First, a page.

• 2:00 pm
    World How Mexican Mole Was Invented Mexican mole was not invented by restaurant chefs, but by sisters in Mexican convents who mixed up what they had on hand. The show talks with chef Barbara Sibley, who grew up in Mexico and connects Mexican history with today's Mexican food.
  • 3:00 pm
  • 4:00 pm
    Marketplace The First African-American Cartoonist The first African-American female cartoonist, Jackie Ormes, used her drawing pen as a weapon to take on topics like racism, education and foreign policy, in the newsroom.
  • 4:30 pm
    All Things Considered
    KQED News 4:30pm, 5:04pm, 5:30pm, 6:04pm & 7:04pm


    As Drought Continues, Calif. Looks to Desalination -- As California suffers from a major drought, some climate scientists are saying this may be the new normal. That's prompted state officials to look for alternative water sources like desalination plants. Some argue that the technology hurts the environment and is too expensive; others say it's a small price to pay for a reliable, drought-proof water source.
  • EVENING
  • 6:30 pm
    Marketplace The First African-American Cartoonist The first African-American female cartoonist, Jackie Ormes, used her drawing pen as a weapon to take on topics like racism, education and foreign policy, in the newsroom.
  • 7:00 pm
    Fresh Air Egypt's Ongoing Government Crackdown The New York Times' Cairo bureau chief and Middle East correspondent David Kirkpatrick talks about his investigation into the attack on the American mission in Benghazi. He'll also discuss events in Egypt, where he says the government crackdown on protests and political opposition is unlike anything in modern Egyptian history.
  • 8:00 pm
    Radio Specials Intelligence Squared U.S. Are We Meant to be Carnivores? -- According to a 2009 poll, around 1 percent of American adults reported eating no animal products. In 2011 that number rose to 2.5 percent -- more than double, but still dwarfed by the 48 percent who reported eating meat, fish or poultry at all of their meals. In the U.S., most of us are blessed with an abundance of food and food choices. So taking into account our health, the environment and ethical concerns, which diet is best? Are we or aren't we meant to be carnivores?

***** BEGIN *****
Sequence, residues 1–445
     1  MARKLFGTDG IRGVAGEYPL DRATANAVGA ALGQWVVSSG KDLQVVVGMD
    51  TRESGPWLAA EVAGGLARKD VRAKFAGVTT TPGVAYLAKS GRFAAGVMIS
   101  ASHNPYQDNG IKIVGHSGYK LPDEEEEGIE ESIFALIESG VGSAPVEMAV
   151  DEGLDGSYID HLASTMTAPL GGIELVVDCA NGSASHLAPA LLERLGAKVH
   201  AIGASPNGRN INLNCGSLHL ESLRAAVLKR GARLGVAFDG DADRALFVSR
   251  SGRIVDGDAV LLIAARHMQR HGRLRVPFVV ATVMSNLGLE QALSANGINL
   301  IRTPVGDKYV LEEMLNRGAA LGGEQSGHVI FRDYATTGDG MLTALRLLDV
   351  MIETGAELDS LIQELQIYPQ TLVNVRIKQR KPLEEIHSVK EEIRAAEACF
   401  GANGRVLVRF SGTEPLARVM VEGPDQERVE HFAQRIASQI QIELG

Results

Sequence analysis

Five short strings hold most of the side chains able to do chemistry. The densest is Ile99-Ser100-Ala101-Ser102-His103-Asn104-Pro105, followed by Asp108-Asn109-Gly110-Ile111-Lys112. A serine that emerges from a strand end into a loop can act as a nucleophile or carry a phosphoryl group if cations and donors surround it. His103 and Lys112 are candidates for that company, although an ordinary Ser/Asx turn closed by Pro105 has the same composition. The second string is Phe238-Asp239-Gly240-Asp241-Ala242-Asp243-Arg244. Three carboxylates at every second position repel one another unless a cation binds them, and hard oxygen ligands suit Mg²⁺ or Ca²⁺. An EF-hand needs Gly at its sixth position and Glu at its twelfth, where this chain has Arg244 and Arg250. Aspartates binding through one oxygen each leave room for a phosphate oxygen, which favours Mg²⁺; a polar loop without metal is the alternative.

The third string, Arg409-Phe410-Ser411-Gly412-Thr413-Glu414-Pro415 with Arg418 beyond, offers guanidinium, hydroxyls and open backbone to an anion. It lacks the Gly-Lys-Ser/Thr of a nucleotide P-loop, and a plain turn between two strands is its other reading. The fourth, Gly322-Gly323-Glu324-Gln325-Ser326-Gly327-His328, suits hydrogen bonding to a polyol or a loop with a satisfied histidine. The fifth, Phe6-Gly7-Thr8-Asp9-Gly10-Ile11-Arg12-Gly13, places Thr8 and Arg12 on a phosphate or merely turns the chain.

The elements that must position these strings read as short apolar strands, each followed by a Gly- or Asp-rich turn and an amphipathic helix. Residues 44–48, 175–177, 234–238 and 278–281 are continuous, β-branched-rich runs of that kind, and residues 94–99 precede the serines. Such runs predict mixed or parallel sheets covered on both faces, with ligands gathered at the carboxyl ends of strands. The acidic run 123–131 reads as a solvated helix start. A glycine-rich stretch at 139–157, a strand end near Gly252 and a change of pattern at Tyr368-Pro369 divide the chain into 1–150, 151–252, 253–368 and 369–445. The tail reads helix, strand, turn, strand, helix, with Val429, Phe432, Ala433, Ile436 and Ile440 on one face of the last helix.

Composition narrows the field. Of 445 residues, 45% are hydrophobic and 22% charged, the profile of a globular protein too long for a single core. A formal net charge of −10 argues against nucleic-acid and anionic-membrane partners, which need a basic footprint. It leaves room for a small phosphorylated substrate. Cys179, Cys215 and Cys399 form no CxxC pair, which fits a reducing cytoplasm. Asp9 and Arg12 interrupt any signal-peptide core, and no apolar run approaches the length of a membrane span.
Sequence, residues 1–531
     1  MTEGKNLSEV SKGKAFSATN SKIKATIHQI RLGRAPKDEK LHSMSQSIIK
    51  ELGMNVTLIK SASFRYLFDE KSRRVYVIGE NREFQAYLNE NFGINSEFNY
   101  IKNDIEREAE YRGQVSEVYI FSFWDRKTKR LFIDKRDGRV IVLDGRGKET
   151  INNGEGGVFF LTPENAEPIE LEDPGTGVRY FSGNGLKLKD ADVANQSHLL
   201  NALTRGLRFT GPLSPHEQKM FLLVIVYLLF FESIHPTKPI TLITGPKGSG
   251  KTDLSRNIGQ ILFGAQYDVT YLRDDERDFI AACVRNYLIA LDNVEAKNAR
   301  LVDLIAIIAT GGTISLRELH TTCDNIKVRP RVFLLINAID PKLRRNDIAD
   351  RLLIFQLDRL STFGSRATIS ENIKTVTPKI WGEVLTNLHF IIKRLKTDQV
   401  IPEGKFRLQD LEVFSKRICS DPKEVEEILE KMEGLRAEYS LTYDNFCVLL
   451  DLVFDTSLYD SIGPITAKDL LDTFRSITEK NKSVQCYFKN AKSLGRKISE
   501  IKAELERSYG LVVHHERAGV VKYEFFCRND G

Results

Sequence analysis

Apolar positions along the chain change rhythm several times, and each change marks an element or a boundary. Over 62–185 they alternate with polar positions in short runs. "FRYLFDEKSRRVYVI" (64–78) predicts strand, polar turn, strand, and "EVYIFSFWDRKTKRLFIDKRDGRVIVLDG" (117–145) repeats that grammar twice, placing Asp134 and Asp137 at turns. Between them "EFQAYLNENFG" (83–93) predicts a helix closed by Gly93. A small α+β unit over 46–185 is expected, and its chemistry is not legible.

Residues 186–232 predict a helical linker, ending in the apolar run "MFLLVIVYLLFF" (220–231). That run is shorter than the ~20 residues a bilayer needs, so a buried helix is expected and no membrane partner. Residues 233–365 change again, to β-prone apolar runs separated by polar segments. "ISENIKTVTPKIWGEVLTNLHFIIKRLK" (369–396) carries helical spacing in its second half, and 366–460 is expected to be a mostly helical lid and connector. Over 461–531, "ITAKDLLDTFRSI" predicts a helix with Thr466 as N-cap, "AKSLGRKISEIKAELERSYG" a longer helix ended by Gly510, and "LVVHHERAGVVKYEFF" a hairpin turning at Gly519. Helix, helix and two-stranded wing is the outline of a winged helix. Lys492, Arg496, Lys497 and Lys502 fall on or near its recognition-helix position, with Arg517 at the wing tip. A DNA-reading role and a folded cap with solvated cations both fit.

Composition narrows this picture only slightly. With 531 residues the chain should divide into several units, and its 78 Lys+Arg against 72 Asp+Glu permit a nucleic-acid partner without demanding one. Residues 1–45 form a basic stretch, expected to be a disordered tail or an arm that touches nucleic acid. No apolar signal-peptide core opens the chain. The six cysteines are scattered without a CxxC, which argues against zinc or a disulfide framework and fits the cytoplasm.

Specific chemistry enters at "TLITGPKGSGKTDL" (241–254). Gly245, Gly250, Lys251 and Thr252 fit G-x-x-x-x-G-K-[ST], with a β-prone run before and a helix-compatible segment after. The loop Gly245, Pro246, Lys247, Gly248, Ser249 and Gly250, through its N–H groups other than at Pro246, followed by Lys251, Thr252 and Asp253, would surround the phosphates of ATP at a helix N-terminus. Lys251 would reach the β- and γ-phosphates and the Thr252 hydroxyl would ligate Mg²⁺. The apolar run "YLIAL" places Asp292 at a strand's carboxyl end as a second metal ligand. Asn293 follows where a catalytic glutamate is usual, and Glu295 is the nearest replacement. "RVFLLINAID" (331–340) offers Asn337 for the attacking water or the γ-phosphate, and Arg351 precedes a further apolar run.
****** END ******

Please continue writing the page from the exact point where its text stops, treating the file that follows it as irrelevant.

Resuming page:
• 9:00 pm
  • 10:00 pm
    Forum What's the Best Way to Treat Back Pain? More than one in four adults in the U.S. say they have recently suffered from low-back pain. Americans spend at least $50 billion a year trying to make their backs feel better, but research has raised questions about the effectiveness of common medical approaches like surgery and steroid injections. We examine the latest research and treatment options for bad backs.
  • 11:00 pm
    All Things Considered Cybersecurity Experts Worry About Third-Party Vendors Following several high-profile data breaches at retailers, Americans are understandably wary of being victimized by high-tech crimes. As KQED's Aarti Shahani reports, data is more vulnerable when companies outsource technology jobs to third-party vendors with lax security.
  • 12:00 am
    All Things Considered School Discipline Changes Since the mid-1990s, schools have increasingly disciplined students with harsh tactics like suspensions and even the criminal courts. Now, the pendulum is swinging in the other direction. The program reports that even in Texas -- one of the most aggressive states in criminalizing students' misbehavior -- there is a movement for change.
Wednesday, February 26, 2014